Message from the Director:
Since UB Engineering’s founding in 1946, faculty members have worked with students to provide area industry with engineering solutions. The opportunity to connect corporate partners with UB Engineering brainpower was elevated with the establishment of the Strategic Partnership for Industrial Resurgence (SPIR) program in 1994 and the naming of UB as a regional administrator.
SPIR, a State University of New York (SUNY) grant program, fills a gap in state industrial assistance programs through technically advanced, multidisciplinary assistance delivered on a fast turnaround basis to New York State companies. Companies receiving SPIR funds – which typically average about one-third of the overall project cost – have access to more than 50 UB faculty engineers and applied scientists from the seven schools of engineering.
SPIR is revitalizing and redirecting New York State industry by moving it toward an economy engaged in innovation and developing new technologies. Whether you want to upgrade or introduce new technologies, address product development and testing challenges or enhance continuous improvement programs, SPIR makes your business more competitive.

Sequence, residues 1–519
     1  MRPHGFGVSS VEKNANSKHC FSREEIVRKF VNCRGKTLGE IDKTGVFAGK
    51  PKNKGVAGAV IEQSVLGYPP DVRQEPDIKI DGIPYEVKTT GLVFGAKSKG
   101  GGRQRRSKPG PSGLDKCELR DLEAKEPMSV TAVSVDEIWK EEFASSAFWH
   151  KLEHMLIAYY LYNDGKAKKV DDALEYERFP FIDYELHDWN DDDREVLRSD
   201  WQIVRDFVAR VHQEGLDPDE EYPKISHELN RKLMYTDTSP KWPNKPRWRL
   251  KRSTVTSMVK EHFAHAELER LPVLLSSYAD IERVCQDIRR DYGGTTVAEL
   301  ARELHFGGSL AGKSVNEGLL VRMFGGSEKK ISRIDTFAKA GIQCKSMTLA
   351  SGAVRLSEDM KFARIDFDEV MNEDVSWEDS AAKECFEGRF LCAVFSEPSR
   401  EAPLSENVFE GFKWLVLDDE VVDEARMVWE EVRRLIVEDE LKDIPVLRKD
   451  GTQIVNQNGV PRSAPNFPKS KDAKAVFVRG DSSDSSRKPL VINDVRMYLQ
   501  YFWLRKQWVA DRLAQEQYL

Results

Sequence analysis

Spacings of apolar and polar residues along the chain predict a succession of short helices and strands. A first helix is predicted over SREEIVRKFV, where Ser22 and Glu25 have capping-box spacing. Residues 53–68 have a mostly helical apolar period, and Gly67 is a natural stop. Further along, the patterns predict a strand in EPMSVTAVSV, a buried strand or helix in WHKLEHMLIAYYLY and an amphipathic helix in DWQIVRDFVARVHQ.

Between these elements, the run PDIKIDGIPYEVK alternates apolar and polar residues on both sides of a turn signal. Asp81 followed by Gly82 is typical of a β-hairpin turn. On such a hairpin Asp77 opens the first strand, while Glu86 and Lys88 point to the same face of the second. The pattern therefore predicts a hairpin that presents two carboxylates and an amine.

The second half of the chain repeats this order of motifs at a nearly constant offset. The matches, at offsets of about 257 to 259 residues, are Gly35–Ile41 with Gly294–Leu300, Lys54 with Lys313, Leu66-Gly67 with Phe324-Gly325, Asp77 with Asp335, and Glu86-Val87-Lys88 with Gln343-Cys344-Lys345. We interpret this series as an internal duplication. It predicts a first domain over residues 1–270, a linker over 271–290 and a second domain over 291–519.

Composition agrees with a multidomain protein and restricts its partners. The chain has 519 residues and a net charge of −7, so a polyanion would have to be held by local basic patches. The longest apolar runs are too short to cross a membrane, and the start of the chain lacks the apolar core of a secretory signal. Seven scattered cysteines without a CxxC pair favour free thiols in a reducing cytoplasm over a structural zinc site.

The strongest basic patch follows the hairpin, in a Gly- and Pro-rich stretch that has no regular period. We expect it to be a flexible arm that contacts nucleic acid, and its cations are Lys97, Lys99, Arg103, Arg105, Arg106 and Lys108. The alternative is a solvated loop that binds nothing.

I invite you to learn more about the SPIR program and services available to businesses and citizens of New York State by contacting us at 716.645.8800.
Timothy Leyh, Executive Director
UB TCIE, under the aegis of UB’s School of Engineering and Applied Sciences, is the regional administrator for New York State’s Strategic Partnership for Industrial Resurgence (SPIR) program. The SPIR program offers an engineering resource that is unparalleled in New York State.
Seven Ways SPIR Can Help Your Business
SPIR at UB Engineering Provides
A concept for solar cells for space-based electrical power under investigation by a UB EE researcher involves 5-10 micron thick microcrystalline Si films on flexible substrates topped with nanowires (shown here) that provide high optical absorption.
Multidisciplinary Center for Earthquake Engineering Research (MCEER)
MCEER is one of the foremost centers of its kind in the world. MCEER's overall goal is to enhance the seismic resiliency of communities through improved engineering and management tools for critical infrastructure systems, water supply, electric power, hospitals, transportation systems.
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Researchers in CSEE's Electronics Packaging Laboratory use laser Moire interferometry to measure submicron-scale deformation in solder joints that have been subjected to both elevated temperature and vibration. The lab is a world leader in creating damage mechanics models for electronics.